Manipulation of C. elegans larvae in nanoliter droplets for high-resolution imaging

The study of first larval stage Caenorhabditis elegans (soil nematode) is of particular interest for research on developmental biology. Traditionally it has been labor intensive to study them because of their small size and high motility. We have overcome this challenge by developing a miniaturized platform that uses nanoliter droplets of a reversible hydrogel to offer advanced manipulation of individual animals.

HFSP Program Grant holder Hang Lu and colleagues
authored on Thu, 07 May 2015

Numerous post-embryonic developmental cellular events such as cell differentiation and cell migration and important developmental decision-making take place during the first larval stage of C. elegans. For example, commitment towards an alternative developmental path – the dauer - which dramatically affects the growth, behavior, and life span of the animal, is initiated at that stage. To facilitate experimental studies, high-resolution imaging is often used, which requires full immobilization of the specimen.

Traditional ways to prepare worms involve gluing or placing the worms on a pad and using anesthetics. However, the animals are small and particularly fragile at that stage, and handling them manually is a delicate task. Traditional techniques are therefore low throughput, time-consuming, and labor-intensive.  We previously developed microfluidic approaches that enable high-throughput screening in our lab, but these methods, based on cooling and geometrical restriction, have been better suited to older worms. Larval stage one (L1) animals are about 10 microns in diameter and they are extremely flexible and deformable. This represents a challenge for microfabricated devices because robust operation requires devices to be able to handle clogging by debris and channels smaller than 10 microns represent a large risk for clogging during normal operations.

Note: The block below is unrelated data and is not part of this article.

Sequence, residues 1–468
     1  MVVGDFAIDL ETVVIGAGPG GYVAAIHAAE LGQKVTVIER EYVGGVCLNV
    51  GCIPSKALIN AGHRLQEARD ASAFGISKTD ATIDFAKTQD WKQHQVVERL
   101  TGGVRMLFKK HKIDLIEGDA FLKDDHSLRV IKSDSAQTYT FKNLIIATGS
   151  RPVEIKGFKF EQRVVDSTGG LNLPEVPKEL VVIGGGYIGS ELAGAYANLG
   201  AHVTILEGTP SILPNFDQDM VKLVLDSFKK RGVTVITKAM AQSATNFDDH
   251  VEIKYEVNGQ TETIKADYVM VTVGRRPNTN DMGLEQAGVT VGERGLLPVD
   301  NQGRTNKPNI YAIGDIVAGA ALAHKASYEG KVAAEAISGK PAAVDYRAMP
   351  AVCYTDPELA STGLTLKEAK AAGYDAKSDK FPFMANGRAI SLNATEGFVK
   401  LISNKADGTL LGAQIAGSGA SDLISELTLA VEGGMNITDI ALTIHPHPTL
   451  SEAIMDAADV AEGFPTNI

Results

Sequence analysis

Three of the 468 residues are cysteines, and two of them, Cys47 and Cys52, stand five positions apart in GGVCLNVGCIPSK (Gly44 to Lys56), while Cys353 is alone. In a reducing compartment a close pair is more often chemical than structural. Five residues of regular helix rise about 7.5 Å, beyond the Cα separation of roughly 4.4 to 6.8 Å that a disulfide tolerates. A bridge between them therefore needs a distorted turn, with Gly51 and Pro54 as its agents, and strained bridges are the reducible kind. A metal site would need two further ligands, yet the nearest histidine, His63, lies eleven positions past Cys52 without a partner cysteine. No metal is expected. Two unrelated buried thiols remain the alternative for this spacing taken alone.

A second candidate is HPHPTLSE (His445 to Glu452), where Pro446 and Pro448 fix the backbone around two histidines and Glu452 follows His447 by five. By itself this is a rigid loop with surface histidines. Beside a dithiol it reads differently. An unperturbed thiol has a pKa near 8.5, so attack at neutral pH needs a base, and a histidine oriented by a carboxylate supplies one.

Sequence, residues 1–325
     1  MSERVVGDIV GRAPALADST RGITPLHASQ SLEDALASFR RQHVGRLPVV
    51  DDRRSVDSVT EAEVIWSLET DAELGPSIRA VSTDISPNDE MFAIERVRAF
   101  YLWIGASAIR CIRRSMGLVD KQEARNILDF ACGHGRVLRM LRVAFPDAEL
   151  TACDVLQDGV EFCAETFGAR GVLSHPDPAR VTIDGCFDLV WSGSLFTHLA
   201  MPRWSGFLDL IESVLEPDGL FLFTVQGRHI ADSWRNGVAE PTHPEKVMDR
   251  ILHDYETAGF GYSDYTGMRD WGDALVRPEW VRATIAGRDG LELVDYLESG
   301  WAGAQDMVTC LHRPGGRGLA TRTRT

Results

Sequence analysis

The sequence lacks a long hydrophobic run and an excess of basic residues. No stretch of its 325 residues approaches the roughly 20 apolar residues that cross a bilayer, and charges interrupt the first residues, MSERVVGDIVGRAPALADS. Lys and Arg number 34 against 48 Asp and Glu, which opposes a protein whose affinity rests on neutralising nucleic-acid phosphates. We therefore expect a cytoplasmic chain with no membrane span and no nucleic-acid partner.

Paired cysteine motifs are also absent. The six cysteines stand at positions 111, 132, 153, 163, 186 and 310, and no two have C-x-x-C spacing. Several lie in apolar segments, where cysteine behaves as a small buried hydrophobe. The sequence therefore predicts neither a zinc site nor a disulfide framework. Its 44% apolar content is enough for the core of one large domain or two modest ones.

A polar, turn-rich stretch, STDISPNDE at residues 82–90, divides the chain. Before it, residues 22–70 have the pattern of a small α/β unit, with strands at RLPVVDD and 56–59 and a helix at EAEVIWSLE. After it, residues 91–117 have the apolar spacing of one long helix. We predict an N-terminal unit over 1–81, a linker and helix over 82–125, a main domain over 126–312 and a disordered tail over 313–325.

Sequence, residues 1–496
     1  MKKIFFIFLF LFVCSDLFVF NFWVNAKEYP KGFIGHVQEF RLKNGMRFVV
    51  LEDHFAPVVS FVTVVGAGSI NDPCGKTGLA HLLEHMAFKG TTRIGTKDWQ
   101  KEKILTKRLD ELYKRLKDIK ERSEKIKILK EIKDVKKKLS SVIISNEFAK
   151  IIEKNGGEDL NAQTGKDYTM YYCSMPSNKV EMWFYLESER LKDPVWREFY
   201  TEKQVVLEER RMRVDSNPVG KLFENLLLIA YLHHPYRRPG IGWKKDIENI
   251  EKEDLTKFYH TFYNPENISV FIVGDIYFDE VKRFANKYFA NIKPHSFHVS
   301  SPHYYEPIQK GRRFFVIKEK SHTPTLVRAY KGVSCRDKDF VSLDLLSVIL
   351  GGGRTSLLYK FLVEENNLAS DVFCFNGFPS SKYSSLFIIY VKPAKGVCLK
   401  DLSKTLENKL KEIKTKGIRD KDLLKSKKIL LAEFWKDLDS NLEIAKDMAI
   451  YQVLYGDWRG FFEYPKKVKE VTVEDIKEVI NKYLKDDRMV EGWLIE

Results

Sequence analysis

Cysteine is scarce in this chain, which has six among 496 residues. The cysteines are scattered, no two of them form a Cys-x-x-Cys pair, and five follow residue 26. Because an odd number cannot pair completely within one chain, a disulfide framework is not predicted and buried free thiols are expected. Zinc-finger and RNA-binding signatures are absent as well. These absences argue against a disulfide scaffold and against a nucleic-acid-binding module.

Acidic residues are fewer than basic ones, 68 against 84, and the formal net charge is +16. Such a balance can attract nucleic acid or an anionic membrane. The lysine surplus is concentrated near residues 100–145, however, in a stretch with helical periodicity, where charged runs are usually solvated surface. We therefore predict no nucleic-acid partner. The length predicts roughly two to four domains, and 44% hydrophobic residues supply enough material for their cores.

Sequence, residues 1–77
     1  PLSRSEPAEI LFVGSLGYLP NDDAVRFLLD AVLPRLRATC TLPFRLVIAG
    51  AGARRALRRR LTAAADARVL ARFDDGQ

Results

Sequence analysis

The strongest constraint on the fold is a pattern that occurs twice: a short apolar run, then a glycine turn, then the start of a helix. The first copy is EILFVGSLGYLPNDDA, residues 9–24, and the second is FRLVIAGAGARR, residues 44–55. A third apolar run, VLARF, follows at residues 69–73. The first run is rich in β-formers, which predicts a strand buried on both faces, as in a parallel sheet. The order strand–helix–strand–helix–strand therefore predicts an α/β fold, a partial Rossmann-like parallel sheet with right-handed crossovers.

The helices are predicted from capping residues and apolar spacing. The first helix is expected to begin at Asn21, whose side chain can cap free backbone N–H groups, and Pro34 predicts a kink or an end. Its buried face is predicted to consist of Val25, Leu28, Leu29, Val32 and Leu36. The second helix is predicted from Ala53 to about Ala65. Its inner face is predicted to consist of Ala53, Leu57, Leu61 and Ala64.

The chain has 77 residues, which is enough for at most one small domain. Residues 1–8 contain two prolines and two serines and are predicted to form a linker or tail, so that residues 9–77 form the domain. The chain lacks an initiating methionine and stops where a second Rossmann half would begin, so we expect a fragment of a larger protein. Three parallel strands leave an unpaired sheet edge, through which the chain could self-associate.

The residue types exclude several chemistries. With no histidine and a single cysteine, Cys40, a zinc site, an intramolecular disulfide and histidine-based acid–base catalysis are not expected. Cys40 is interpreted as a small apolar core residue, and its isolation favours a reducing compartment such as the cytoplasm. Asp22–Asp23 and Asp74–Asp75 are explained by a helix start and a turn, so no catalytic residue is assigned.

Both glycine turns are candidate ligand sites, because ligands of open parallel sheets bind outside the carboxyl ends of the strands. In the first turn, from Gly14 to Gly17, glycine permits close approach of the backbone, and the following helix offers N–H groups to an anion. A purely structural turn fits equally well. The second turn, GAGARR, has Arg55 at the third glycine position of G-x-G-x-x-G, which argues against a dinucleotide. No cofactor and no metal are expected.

We solved this problem by changing the strategy. Instead of directly handling the animals, we manipulated much larger objects – droplets that contained the larvae. In addition, the droplets were composed of a thermosensitive and reversible hydrogel, behaving like a liquid at low temperature and turning into gel at room temperature. Using the microfluidic tool box, we demonstrated manipulation of tens of individual L1s from encapsulation, transportation through a channel network to sorting. Full immobilization of the animals was achieved by stopping the flow and tuning the temperature to complete sol-gel transition of the hydrogel, creating an array of spatially well-ordered animals ready for imaging. We performed bright-field high-resolution imaging of the entire animal and fluorescence high-resolution imaging of fluorescent neurons with subcellular details. This works paves the way for high-throughput screening of L1 nematodes, which will promise exciting new insights for developmental studies.

Text by Hang Lu and Guillaume Aubry


Hydrogel-droplet microfluidic platform for high-resolution imaging and sorting of early larval Caenorhabditis elegans”. Aubry G., Zhan M., and Lu H, Lab Chip (2015) 15, 1424-31. DOI: 10.1039/c4lc01384k

Pubmed link